All posts filed under: Canada

I Run a Family-Owned Construction Firm. Here’s What COVID-19 Did to My World

When a crisis hits, sometimes just a day or two can feel like a lifetime for a small business owner. That’s how it felt for me when much of the Canadian economy went on lockdown in mid-March. My business is construction. It’s not something you can do over a Zoom videoconference or text chat. And the challenges I’m now facing are similar to those faced by other small, family-owned and -operated businesses everywhere. Even prior to the pandemic, my life was a hectic one. It wasn’t unusual for workdays to start at 6.30am, with me in the office laying out the work plan for the day with our foremen, and walking the tightrope we call cash flow. On any given day, I have at least two or three job estimates on my desk that need to be completed—plus accounting, payroll, project-management issues, client meetings, calls, and trips to jobsites to sort out the inevitable building and design issues. I also have to spend time chasing down the receivables. All of this was before COVID-19 hit. …

Canada’s Epic Rail Crisis Offers the World a Cautionary Tale on Indigenous Mantras

Speaking at the Oscars earlier this month, Māori director and writer Taika Waititi told his audience they were “gathered on the ancestral lands of the Tongva, Tataviam and the Chumash”—Native American groups who lived in and around modern Los Angeles. “We acknowledge them as the first people of this land on which our motion picture community lives and works.” This may have struck many American viewers as unusual. But such “land acknowledgments” have been common for years in Australia, New Zealand and my own country, Canada. Originally intended as a tribute to the legacy and rights of Indigenous peoples, they quickly became assimilated into the rote protocols of public life, from school assemblies to town-council meetings. Some university professors now post them on their office doors, much like a secular mezuzah. The practice is rooted in good intentions, and originally had real educational value. Indigenous lands in what is now Canada often were seized through a mixture of brutality and theft. In many cases, the reserves on which Indigenous peoples now live don’t even correspond …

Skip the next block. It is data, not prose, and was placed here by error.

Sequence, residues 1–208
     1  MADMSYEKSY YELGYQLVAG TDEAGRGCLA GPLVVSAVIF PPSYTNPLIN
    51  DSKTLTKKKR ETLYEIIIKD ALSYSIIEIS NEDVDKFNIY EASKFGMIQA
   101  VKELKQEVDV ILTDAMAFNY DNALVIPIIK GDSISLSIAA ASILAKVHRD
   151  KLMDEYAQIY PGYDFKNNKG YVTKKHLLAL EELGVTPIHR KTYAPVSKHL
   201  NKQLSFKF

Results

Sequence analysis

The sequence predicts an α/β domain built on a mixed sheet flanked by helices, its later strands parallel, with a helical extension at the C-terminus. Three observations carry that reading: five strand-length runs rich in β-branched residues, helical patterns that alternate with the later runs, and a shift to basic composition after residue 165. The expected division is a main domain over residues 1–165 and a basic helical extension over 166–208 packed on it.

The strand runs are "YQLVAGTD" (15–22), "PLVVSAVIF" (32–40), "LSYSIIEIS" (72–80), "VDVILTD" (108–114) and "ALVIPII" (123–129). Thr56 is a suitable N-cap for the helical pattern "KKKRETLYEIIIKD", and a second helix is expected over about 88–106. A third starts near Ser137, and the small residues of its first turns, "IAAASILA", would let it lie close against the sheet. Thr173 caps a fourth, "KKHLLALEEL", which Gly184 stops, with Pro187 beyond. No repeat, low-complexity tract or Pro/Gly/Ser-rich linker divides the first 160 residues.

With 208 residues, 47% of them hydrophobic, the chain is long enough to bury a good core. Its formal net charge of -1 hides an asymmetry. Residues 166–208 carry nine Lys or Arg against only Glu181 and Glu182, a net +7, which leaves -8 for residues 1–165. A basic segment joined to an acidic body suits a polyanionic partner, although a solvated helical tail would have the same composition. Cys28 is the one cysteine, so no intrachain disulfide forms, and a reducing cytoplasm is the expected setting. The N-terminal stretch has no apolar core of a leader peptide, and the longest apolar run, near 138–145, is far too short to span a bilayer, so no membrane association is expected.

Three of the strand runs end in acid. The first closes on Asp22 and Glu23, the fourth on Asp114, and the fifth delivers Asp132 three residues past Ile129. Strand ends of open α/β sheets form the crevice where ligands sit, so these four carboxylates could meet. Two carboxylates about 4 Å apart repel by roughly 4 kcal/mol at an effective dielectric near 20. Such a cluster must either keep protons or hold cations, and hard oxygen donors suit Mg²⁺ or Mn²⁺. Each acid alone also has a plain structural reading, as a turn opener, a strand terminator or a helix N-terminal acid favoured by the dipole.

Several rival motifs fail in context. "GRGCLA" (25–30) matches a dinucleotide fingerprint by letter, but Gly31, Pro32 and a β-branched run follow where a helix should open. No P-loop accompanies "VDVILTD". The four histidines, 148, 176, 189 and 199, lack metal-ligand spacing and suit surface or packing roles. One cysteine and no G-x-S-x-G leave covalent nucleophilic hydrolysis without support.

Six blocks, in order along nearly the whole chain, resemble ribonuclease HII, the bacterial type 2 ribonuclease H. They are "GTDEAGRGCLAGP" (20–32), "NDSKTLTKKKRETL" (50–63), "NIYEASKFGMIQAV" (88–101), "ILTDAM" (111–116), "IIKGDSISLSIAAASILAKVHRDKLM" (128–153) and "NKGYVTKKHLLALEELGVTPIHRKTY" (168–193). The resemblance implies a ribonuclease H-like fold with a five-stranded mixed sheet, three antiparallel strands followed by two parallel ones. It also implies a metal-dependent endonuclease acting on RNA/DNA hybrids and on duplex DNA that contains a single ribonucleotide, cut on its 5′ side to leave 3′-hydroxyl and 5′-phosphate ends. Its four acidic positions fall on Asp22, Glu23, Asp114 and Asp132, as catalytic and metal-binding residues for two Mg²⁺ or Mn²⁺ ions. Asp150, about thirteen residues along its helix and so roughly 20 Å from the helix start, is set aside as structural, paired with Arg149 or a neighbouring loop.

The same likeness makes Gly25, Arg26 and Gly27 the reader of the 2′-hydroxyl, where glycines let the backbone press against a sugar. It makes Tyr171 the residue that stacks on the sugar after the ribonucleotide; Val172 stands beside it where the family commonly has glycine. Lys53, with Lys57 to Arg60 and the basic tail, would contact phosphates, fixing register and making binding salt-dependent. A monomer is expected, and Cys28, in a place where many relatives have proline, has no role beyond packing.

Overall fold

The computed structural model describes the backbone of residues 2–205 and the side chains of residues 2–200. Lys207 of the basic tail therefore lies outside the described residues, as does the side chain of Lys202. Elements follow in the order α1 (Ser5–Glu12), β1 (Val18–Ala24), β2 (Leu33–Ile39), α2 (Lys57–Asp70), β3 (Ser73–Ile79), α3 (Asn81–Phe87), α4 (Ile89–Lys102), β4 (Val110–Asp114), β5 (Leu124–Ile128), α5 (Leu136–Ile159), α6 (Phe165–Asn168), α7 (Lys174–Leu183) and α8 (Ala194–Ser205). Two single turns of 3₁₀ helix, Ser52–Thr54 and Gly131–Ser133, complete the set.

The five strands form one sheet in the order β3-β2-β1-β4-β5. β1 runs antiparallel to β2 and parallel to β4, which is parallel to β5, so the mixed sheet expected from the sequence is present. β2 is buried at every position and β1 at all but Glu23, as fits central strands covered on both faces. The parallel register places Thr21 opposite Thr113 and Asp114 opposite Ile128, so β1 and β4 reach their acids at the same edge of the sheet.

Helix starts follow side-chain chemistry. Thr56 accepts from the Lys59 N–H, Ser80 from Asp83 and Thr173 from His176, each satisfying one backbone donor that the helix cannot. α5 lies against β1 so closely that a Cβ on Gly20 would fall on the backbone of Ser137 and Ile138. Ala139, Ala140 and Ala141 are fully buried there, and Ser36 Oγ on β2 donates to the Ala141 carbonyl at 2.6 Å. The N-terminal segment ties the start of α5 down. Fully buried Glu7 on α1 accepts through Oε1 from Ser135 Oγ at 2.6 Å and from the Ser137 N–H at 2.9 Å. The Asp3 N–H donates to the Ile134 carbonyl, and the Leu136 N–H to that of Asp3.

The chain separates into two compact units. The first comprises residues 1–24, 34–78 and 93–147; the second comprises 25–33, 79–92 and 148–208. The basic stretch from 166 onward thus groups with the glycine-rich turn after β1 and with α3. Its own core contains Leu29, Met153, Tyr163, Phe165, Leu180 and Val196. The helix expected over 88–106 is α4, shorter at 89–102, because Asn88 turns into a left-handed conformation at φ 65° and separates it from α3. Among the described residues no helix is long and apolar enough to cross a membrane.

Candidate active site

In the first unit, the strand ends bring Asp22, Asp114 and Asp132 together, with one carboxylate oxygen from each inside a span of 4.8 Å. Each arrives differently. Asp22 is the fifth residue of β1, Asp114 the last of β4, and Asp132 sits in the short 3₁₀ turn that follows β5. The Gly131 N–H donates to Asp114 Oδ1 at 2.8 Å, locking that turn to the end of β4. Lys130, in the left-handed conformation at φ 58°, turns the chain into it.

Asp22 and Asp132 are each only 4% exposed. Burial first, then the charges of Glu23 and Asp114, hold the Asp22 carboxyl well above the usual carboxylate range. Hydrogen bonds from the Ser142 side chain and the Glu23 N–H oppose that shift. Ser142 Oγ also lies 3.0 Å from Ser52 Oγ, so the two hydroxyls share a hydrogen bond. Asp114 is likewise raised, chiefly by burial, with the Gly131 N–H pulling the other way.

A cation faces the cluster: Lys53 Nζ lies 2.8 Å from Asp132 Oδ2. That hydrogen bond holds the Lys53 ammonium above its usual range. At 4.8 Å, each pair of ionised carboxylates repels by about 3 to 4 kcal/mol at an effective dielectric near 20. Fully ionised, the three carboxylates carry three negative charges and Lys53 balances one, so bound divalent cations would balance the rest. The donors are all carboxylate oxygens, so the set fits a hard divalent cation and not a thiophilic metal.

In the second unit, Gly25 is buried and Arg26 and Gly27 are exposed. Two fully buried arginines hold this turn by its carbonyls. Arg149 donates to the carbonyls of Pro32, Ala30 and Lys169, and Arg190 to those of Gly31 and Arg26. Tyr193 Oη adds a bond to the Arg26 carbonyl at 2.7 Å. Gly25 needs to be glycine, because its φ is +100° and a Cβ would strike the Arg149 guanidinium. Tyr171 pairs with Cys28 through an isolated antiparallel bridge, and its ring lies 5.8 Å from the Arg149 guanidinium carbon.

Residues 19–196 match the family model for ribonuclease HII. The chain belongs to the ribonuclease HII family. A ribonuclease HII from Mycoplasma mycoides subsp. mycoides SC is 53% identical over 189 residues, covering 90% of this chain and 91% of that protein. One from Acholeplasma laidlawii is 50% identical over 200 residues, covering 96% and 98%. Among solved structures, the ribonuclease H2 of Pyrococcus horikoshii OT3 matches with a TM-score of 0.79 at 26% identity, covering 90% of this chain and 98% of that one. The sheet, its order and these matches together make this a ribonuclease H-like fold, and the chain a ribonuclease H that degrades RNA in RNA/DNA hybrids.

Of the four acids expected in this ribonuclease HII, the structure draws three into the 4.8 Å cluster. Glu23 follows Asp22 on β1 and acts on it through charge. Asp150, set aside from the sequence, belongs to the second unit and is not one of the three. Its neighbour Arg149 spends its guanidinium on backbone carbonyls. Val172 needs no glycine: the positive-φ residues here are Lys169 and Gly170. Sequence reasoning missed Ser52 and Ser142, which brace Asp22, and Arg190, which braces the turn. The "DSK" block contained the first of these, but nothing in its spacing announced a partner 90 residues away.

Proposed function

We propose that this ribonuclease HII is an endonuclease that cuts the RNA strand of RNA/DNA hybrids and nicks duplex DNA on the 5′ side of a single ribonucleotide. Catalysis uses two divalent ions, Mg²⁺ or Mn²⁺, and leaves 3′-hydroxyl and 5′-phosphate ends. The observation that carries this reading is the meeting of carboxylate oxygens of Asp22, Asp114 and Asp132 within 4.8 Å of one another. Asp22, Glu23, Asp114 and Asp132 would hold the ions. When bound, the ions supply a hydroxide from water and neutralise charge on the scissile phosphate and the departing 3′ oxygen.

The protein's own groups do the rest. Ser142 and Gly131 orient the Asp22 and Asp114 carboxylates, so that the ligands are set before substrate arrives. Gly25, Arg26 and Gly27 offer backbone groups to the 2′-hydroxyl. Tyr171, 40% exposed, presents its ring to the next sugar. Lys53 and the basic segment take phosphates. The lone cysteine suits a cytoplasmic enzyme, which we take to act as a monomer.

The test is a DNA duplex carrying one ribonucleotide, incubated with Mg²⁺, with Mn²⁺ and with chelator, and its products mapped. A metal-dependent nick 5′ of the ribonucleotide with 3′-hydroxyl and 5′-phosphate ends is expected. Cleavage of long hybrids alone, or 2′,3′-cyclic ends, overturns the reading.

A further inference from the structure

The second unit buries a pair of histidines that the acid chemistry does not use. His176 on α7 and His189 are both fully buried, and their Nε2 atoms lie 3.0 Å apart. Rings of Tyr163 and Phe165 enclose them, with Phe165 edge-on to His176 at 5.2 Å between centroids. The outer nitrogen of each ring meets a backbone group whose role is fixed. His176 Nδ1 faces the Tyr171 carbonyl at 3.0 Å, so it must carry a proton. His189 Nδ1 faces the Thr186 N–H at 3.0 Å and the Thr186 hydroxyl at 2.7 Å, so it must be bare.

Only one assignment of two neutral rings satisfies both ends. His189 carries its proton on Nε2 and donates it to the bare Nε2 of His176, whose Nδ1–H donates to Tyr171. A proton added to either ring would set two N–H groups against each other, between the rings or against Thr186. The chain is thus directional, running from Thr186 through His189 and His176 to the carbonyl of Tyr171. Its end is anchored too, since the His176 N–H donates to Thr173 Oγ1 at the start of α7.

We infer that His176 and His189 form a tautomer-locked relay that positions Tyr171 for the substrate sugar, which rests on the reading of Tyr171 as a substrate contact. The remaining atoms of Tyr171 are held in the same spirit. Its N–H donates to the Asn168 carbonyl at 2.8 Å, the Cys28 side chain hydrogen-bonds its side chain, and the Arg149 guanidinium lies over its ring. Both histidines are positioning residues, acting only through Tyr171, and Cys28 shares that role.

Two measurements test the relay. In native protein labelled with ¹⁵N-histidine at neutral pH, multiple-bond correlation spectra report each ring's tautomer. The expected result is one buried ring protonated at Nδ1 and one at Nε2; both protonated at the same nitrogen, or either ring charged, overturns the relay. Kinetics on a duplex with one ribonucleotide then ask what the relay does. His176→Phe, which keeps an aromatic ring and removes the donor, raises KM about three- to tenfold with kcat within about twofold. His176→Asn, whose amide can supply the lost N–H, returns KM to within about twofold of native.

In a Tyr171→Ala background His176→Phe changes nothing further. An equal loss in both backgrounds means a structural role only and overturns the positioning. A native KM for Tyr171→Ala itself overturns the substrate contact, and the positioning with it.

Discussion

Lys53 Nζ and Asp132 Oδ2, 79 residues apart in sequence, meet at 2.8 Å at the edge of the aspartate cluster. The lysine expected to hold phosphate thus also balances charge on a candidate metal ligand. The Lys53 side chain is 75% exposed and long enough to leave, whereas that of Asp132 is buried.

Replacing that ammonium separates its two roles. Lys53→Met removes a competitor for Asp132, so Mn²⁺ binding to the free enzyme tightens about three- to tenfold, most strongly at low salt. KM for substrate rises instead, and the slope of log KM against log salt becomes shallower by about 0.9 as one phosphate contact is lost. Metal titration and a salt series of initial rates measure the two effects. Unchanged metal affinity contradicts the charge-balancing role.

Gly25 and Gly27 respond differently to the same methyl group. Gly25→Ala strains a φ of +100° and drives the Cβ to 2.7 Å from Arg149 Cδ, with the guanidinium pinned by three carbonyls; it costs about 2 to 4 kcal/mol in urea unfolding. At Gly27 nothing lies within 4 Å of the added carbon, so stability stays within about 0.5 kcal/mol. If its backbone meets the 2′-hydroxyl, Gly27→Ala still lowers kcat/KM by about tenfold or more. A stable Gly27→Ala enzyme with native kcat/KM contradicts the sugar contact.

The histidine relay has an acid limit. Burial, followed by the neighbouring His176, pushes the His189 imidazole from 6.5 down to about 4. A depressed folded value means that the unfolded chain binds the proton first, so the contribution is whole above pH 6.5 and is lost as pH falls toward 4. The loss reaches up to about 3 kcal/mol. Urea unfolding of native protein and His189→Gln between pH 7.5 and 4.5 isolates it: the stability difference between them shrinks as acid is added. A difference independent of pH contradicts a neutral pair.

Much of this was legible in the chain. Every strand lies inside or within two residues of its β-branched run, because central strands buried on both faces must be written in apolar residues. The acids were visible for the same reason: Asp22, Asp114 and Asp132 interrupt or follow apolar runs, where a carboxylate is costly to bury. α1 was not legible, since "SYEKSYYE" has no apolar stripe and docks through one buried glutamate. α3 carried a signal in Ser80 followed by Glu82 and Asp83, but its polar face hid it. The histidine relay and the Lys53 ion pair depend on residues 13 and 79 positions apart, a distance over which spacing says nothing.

By Seeking ‘Safer Spaces’ for Actors, We’re Creating a Hostile Environment for Art

It was a difficult time with a difficult actor. I was directing one of my own plays, and the lead actor wasn’t acting. Yet I knew he was more than capable of executing the part. Finally, I confronted him. “Why aren’t you giving anything in the scene?” I asked. The actor was exasperated: “You know, when you gave me this play to read, I was hoping for once I wouldn’t have to play a screwed-up character. Why are all the characters you write so screwed up?” That was the last time I hired him. What kind of play do you want me to write? Drama emerges from conflict. And I honestly have no idea why any actor would want to appear in a serious play featuring protagonists who are not, in some way, “screwed up.” I mean, aren’t we all just a little bit screwed up? And isn’t that what we need to see on the stage: reflections of our deeply conflicted, neurotic selves? What I didn’t know was that this actor was ahead of …

Toronto’s Meghan Murphy Meltdown: A Case Study in Media-Driven Social Panic